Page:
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Errors in Diagnosis of Spinal Epidural Abscesses in the Era of Electronic Health Records.
Bhise V, Meyer AND, Singh H, Wei L, Russo E, Al-Mutairi A, Murphy DR. Errors in Diagnosis of Spinal Epidural Abscesses in the Era of Electronic Health Records. The American journal of medicine. 2017 Aug 1; 130(8):975-981.
With this study, we set out to identify missed opportunities in diagnosis of spinal epidural abscesses to outline areas for process improvement.
Using a large national clinical data repository, we identified all patients with a new diagnosis of spinal epidural abscess in the Department of Veterans Affairs (VA) during 2013. Two physicians independently conducted retrospective chart reviews on 250 randomly selected patients and evaluated their records for red flags (eg, unexplained weight loss, neurological deficits, and fever) 90 days prior to diagnosis. Diagnostic errors were defined as missed opportunities to evaluate red flags in a timely or appropriate manner. Reviewers gathered information about process breakdowns related to patient factors, the patient-provider encounter, test performance and interpretation, test follow-up and tracking, and the referral process. Reviewers also determined harm and time lag between red flags and definitive diagnoses.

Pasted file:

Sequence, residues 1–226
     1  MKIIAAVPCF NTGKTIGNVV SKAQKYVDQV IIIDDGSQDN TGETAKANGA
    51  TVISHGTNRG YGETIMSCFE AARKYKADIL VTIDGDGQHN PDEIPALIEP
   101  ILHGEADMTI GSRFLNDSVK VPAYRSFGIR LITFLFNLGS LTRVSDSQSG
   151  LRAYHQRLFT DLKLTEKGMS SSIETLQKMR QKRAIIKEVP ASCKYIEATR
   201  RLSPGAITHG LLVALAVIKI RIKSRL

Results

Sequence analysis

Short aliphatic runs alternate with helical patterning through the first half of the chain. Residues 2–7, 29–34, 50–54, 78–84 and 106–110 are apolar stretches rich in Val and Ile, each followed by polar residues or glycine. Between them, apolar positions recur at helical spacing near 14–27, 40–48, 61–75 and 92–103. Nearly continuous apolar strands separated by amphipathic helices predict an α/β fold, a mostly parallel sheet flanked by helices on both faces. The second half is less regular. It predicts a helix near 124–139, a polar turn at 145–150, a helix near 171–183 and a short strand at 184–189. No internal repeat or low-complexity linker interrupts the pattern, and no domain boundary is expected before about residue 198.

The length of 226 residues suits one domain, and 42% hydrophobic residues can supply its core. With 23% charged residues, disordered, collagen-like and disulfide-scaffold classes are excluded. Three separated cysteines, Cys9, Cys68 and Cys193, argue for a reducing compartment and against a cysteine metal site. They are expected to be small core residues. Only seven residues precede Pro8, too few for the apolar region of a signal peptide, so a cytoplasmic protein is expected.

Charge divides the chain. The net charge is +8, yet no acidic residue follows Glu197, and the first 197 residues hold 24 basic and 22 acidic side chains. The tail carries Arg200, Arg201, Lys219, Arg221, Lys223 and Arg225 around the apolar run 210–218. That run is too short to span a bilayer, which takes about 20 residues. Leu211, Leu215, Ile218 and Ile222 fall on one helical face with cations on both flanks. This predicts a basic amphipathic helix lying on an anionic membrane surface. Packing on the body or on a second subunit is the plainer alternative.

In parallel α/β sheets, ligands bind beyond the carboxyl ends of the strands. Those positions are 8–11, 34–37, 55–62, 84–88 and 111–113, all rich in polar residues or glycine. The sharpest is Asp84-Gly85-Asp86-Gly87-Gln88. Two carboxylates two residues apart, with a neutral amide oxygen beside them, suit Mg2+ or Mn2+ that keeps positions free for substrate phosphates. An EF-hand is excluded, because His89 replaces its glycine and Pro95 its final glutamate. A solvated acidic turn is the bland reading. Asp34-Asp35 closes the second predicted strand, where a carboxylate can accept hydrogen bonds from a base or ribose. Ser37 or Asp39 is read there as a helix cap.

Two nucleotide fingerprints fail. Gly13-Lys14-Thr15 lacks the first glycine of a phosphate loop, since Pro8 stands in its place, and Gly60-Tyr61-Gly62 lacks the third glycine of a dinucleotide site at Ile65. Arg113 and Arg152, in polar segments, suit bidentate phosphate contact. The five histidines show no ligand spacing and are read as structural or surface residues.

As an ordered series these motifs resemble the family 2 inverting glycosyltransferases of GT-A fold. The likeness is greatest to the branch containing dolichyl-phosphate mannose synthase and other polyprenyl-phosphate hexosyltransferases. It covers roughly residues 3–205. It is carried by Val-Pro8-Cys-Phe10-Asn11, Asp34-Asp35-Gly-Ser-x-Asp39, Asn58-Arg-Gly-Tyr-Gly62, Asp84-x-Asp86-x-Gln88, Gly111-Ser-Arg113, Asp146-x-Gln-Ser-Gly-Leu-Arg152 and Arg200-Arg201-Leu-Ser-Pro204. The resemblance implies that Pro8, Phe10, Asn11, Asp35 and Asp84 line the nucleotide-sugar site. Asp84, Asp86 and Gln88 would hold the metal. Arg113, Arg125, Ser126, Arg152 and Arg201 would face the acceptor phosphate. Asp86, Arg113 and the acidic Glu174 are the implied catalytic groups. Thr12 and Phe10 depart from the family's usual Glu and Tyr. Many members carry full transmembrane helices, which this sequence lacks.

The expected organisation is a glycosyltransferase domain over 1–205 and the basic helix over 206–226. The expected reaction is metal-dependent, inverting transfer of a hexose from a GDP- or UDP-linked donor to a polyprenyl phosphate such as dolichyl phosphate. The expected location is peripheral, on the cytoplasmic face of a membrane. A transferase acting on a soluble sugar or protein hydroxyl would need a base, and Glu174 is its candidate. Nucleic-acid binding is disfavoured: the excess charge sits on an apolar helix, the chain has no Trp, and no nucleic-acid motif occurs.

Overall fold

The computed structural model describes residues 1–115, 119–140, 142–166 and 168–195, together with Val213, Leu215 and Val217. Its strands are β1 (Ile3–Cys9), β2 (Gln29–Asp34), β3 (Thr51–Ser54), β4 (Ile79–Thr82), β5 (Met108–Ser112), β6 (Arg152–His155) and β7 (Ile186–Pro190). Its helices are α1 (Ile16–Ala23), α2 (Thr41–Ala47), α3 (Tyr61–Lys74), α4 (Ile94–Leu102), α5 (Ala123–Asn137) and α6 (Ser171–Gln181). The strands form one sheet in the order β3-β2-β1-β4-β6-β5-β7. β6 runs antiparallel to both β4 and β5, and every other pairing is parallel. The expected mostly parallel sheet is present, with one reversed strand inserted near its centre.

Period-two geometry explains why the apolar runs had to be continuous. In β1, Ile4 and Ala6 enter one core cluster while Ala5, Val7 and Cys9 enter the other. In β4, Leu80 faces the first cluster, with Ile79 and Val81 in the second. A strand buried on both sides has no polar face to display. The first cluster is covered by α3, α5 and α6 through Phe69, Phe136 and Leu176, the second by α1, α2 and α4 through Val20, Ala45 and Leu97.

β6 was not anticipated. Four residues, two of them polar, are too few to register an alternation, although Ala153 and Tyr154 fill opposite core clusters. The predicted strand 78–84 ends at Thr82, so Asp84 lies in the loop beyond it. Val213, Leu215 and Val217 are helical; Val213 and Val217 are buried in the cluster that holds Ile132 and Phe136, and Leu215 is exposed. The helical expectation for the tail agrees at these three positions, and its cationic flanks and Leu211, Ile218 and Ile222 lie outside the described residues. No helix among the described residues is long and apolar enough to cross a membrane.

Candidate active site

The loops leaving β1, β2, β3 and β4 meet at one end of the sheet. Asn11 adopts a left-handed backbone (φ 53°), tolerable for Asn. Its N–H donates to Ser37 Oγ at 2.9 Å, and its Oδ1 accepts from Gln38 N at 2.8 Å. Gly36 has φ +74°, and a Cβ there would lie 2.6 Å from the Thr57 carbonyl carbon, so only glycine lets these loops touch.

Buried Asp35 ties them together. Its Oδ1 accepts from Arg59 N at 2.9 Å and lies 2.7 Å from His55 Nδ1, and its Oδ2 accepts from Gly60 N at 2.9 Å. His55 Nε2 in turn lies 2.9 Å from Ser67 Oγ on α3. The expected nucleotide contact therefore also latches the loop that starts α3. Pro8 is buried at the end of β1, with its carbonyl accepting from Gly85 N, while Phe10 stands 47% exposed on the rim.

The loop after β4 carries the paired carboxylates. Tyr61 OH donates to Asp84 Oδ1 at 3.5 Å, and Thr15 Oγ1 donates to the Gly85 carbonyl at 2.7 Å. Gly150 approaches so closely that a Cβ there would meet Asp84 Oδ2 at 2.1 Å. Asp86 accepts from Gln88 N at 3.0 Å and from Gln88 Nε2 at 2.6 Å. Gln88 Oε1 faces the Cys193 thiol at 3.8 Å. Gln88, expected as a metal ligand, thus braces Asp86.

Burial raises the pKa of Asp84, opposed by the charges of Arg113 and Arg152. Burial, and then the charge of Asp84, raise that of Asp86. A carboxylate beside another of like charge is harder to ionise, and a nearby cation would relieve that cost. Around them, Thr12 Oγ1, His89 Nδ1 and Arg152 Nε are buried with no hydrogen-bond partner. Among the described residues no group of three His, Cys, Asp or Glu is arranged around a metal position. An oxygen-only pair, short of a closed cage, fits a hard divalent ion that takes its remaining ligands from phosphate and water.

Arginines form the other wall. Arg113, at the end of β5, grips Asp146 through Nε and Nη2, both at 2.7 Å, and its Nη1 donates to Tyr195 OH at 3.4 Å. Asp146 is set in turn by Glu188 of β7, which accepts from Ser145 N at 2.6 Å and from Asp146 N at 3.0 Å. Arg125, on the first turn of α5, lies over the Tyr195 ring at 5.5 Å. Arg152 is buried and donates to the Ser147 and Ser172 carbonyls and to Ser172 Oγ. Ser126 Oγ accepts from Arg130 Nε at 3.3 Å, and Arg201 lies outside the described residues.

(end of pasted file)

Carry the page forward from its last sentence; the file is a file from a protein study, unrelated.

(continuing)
Of 250 patients, 119 had a new diagnosis of spinal epidural abscess, 66 (55.5%) of which experienced diagnostic error. Median time to diagnosis in error cases was 12 days, compared with 4 days in cases without error (P < .01). Red flags that were frequently not evaluated in error cases included unexplained fever (n = 57; 86.4%), focal neurological deficits with progressive or disabling symptoms (n = 54; 81.8%), and active infection (n = 54; 81.8%). Most errors involved breakdowns during the patient-provider encounter (n = 60; 90.1%), including failures in information gathering/integration, and were associated with temporary harm (n = 43; 65.2%).
Despite wide availability of clinical data, errors in diagnosis of spinal epidural abscesses are common and involve inadequate history, physical examination, and test ordering. Solutions should include renewed attention to basic clinical skills.